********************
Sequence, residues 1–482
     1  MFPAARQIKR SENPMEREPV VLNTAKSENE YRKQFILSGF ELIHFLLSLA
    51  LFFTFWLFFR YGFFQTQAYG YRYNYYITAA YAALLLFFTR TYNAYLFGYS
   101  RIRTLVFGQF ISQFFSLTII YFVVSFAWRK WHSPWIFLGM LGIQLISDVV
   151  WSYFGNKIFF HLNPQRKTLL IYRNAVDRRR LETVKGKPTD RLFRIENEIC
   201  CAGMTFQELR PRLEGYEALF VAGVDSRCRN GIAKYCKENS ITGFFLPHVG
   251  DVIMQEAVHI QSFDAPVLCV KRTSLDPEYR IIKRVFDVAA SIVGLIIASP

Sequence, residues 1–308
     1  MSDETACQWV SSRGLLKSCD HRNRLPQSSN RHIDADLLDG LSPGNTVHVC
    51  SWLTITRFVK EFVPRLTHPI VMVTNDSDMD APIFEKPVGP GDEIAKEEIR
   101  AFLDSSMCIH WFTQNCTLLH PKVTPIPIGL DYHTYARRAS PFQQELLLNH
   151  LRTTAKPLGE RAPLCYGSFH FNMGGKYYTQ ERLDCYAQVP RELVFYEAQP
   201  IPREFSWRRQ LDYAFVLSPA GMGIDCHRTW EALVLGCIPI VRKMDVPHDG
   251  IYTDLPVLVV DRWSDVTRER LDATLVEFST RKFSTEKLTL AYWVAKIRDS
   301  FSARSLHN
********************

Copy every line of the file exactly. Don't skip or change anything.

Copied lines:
Sequence, residues 1–482
     1  MFPAARQIKR SENPMEREPV VLNTAKSENE YRKQFILSGF ELIHFLLSLA
    51  LFFTFWLFFR YGFFQTQAYG YRYNYYITAA YAALLLFFTR TYNAYLFGYS
   101  RIRTLVFGQF ISQFFSLTII YFVVSFAWRK WHSPWIFLGM LGIQLISDVV
   151  WSYFGNKIFF HLNPQRKTLL IYRNAVDRRR LETVKGKPTD RLFRIENEIC
   201  CAGMTFQELR PRLEGYEALF VAGVDSRCRN GIAKYCKENS ITGFFLPHVG
   251  DVIMQEAVHI QSFDAPVLCV KRTSLDPEYR IIKRVFDVAA SIVGLIIASP

Sequence, residues 1–308
     1  MSDETACQWV SSRGLLKSCD HRNRLPQSSN RHIDADLLDG LSPGNTVHVC
    51  SWLTITRFVK EFVPRLTHPI VMVTNDSDMD APIFEKPVGP GDEIAKEEIR
   101  AFLDSSMCIH WFTQNCTLLH PKVTPIPIGL DYHTYARRAS PFQQELLLNH
   151  LRTTAKPLGE RAPLCYGSFH FNMGGKYYTQ ERLDCYAQVP RELVFYEAQP
   201  IPREFSWRRQ LDYAFVLSPA GMGIDCHRTW EALVLGCIPI VRKMDVPHDG
   251  IYTDLPVLVV DRWSDVTRER LDATLVEFST RKFSTEKLTL AYWVAKIRDS
   301  FSARSLHN